Tuc Craft Kitchen

Tuc Craft Kitchen is one of those places that has been on our list for months. We’ve heard a ton of buzz about it… but it was only recently that we had the opportunity to check it out for ourselves.

Normally, we here at Brunchcouver like to travel in packs–the more people you take with you to brunch, the more you can sample from the menu. This particular Sunday, there were three of us, and we picked a great day to go. Tuc is often full with a wait list, but we were able to walk right in and get a table.

The space is a bit like the Tardis: it’s bigger than it looks on the outside. The room is deep, and they stacked a balcony in there, as well.

The room is exposed brick and dark wood, with vintage accents. It makes for a warm and cozy atmosphere. The morning we were there, the owner was having brunch with his family, and we chatted with him a little–an unexpected bonus.

But we’re really here for the food, right? So let’s get to it.

They don’t have drip coffee, so if you like a brunch with a bottomless cup, this is not the place for you. They do, however, serve very strong Americanos that will put hair on your chest and wake you up in a hurry.

tuc craft kitchen mimosa

They also have a nice selection of that can’t-do-brunch-without standard: the mimosa. Mimosas here are made with freshly-squeezed organic orange juice, which is always a nice touch. A glass of orange juice here is $6, and for just 1 or 2 dollars more, you can make it a mimosa. It’s kind of a no-brainer. The wine part of the mimosa is a local bubble from Summerhill in the Okanangan. Again, we approve.

tuc craft kitchen tempura eggs

We’d heard a lot about Tuc’s Tempura Egg, so we had to try one. Actually, there were three of us, so we thought it prudent to order two. Picture this: an egg (out of its shell), wrapped in bacon, then dipped in tempura batter and deep fried. It’s a perfectly-cooked egg, too, with the yolk still a little runny. I have no idea how they do it, it’s some kind of miracle. And it’s all the tastes in your mouth at once: the soft, runny egg, the smokiness from the bacon, and the crunch of the tempura batter. Amazing and delicious.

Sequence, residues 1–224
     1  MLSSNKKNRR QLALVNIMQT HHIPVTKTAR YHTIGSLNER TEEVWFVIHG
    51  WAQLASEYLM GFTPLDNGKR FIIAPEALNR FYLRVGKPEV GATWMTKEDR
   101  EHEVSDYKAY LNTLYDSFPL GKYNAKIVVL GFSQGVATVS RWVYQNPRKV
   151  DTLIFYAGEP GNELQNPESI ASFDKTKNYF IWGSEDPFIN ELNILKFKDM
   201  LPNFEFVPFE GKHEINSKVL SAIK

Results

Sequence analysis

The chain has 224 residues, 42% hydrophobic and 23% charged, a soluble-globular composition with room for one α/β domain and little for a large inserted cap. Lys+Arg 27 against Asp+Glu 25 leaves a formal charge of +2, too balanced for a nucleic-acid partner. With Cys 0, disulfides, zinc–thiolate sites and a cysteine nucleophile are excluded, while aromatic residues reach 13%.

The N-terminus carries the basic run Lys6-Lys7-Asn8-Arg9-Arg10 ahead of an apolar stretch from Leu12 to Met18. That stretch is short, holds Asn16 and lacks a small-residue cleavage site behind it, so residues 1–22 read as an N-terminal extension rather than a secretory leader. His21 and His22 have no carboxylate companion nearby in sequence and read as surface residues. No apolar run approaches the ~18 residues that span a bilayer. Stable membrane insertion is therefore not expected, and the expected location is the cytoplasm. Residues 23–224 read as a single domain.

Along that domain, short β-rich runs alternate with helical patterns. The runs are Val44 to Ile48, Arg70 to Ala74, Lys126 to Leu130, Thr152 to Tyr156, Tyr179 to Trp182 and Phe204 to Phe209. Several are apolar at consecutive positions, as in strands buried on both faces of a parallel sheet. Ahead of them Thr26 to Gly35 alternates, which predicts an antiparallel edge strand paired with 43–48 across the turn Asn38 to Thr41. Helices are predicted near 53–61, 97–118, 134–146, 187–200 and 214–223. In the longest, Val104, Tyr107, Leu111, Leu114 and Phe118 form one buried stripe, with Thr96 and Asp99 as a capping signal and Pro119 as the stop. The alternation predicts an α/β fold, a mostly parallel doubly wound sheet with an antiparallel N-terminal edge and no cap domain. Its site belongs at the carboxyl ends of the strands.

For mains, the menu is a bit of a United Nations. There’s Japan, represented by Okonomiyaki (a kind of street-food egg pancake or crepe, filled with pork), there’s Morocco, represented by Shakshouka, the southern US is represented by chicken and waffles, and then there’s lots of Canada: buttermilk waffles, ham and maple syrup.

elevated diner tuc craft kitchenThere is lots of pork on the menu. It’s the dominant meat at brunch here. Instead of bacon, though, Tuc serves Pork Belly Crackling, and it is one of the most addictive things I have ever tasted. I could eat a vat of it–crispy, smoky, crunchy bites of heaven.

The Pork Belly Crackling comes as part of Tuc’s Elevated Diner breakfast that also includes 2 free run eggs, sourdough toast, and BC new potatoes.

shaksuka tuc craft kitchenThe Shakshouka was spicy and delicious, and the eggs were done right. Our main issue with it was that it was served on top of a piece of toast (that was placed in the bottom of the cast iron pan). The bread soaked up all the tomato sauce, and was just a mushy mess in the bottom of the pan. We like our Shakshouka with bread, but prefer it with the bread on the side to dip into the sauce.

chicken and waffles tuc craft kitchenThe Chicken and Waffles comes with three sauces: your standard maple syrup, a dijon mayo, and a hot sauce. It does not come with country gravy, and I’m okay with that. I’m a bit of a purist when it comes to chicken and waffles: I like mine with maple syrup. I have to remark about the portion size, though. There was about a half a chicken on my plate. I shared with the other two gals, and I still couldn’t finish it all–definitely the thing to order when you’re really hungry, or maybe to share with someone. The chicken was good: crispy-skinned, yet still moist and tender inside.

All in all, we had a very positive experience at Tuc. There’s a reason why they’re still around. The atmosphere is warm and inviting, and the food is fresh, local, and well-prepared. It makes a great spot for a leisurely weekend brunch.

Tuc Craft Kitchen

80 W Cordova, Vancouver

Brunch hours: 10 am to 3 pm weekends only

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